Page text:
The Arizona Plan: Will the MLB Return?

Major League Baseball (MLB) had just begun spring training when the coronavirus pandemic hit, forcing it to suspend all operations until further notice; however, its unique position, in that its regular season has not yet started, leaves it flexible to altering that season in a way that allows it to function under current quarantine, social distancing, and shelter-in-place orders.

Major League Baseball (MLB) had just begun spring training when the coronavirus pandemic hit, forcing it to suspend all operations until further notice; however, its unique position, in that its regular season has not yet started, leaves it flexible to altering that season in a way that allows it to function under current quarantine, social distancing, and shelter-in-place orders. While there are still logistics to be worked out, the most developed of those scenarios is currently the Arizona Plan: a proposed "biodome" that would house players, staff, trainers, and other necessary employees for all 30 Major League teams at otherwise empty hotels in Phoenix, Arizona, with weekly virus testing and isolation of positive testers. After a two week quarantine period to start, teams would play at one of the ten spring training fields owned by the Arizona Diamondbacks, as well as other minor league arenas in the area, only being shuttled between the stadiums and their hotels with zero contact to the outside world. They would also be under heavy surveillance to ensure they do not leave the protected area. The season would likely be shortened from 162 games to a number closer to 100, culminating in a November playoff series. At its bare bones, it sounds like something in between a labor camp and a pipe dream-but it may be the only way to save the season, and some players are willing to take the risk.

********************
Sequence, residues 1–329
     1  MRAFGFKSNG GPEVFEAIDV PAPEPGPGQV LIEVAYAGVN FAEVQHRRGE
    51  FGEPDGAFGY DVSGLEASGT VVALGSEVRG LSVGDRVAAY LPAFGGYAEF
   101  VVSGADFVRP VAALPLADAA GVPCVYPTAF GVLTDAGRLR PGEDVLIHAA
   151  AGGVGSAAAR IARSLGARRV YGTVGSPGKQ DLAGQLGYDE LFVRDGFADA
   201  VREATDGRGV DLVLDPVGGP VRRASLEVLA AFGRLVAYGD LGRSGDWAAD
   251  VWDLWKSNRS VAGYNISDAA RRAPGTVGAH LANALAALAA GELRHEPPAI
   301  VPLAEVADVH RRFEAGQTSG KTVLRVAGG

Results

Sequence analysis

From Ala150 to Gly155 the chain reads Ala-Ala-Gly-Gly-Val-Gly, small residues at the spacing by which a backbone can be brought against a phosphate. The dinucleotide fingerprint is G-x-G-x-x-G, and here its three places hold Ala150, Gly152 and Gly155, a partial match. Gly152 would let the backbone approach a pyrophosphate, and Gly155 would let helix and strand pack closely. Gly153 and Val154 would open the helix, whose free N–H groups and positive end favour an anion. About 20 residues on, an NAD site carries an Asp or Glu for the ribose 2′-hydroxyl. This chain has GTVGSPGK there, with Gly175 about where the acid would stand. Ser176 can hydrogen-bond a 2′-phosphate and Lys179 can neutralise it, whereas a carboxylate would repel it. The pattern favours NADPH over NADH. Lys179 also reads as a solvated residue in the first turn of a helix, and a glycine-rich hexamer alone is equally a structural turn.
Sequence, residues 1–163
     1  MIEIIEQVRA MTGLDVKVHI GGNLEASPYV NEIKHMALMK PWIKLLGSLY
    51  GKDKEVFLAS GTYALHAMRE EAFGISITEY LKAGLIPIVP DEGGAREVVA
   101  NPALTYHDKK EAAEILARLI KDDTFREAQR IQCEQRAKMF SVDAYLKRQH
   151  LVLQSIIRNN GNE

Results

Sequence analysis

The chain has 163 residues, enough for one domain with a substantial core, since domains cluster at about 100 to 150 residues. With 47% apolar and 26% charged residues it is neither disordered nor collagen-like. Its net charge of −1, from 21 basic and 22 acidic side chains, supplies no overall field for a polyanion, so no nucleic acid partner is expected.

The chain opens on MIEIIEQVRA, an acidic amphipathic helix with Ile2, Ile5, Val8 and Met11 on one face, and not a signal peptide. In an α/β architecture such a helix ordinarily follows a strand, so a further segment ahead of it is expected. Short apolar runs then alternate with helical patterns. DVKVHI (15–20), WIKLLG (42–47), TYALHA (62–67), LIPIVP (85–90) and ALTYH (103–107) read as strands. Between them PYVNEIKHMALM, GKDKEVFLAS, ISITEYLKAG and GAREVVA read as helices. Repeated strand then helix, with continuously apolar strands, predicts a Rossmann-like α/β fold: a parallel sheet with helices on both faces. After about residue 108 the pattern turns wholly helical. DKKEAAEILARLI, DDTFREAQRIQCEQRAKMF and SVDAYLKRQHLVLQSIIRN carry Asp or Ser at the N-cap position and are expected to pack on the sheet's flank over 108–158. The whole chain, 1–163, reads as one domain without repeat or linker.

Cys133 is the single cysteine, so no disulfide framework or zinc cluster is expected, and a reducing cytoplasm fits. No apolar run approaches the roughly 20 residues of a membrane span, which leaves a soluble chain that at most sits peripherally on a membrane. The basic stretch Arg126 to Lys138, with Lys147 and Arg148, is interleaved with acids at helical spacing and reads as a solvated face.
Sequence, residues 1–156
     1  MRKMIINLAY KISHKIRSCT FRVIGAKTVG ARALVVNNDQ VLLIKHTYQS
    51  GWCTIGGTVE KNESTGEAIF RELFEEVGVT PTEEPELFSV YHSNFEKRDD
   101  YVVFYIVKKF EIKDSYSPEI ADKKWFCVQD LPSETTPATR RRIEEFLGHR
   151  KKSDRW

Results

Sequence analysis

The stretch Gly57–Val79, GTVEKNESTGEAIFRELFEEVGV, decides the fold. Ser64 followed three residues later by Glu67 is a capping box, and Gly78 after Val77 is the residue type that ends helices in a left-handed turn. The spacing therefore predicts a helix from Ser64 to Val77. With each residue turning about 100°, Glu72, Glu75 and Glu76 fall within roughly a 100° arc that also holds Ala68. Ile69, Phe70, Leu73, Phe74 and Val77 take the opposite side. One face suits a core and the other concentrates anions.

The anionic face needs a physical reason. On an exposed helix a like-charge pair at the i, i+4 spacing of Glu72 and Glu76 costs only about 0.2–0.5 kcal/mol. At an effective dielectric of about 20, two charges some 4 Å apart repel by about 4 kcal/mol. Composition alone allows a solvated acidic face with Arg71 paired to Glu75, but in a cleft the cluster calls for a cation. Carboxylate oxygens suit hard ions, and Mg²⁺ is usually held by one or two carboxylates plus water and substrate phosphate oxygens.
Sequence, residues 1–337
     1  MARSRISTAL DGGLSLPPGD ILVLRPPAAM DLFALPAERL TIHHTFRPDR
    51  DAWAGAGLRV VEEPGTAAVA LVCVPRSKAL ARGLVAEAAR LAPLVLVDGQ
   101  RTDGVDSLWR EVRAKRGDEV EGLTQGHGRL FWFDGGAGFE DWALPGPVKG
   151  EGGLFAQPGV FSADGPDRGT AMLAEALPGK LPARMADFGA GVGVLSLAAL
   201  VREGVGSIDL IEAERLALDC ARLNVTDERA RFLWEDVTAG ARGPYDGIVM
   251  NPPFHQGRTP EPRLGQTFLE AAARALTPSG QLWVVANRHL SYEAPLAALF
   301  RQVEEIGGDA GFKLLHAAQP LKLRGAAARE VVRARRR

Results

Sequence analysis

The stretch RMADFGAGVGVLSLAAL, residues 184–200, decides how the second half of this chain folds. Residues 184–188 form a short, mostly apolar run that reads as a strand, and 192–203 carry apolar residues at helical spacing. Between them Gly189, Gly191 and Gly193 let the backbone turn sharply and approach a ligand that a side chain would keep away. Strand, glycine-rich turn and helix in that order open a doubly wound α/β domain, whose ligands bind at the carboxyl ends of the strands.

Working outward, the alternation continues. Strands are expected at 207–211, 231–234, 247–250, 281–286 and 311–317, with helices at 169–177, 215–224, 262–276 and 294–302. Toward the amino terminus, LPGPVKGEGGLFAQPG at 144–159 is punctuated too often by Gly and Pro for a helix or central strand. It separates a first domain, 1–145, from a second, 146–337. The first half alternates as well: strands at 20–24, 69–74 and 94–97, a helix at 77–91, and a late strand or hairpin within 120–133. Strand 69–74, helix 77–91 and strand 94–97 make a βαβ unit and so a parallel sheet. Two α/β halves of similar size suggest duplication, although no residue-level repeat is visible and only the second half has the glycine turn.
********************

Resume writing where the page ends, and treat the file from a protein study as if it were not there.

In order to make up for sick players, heat exhaustion, possible double-headers, and the lack of spring training, teams would have to dramatically increase their rosters, particularly the pitching staff, which means calling up hordes of players from the minor leagues. A regular MLB Roster is 26 players, (raised from 25 just this year) but the Arizona Plan could raise that number to 50. Even without fans, the MLB will continue to profit from national TV deals, advertising, and merchandise sales if they return to play, but the minor leagues rely almost exclusively on ticket sales and in-stadium sales to finance operations. Increasing the roster size of the Major League teams will help take some of the financial strain off minor league payrolls, particularly the triple-A teams, with a domino effect through the lower levels.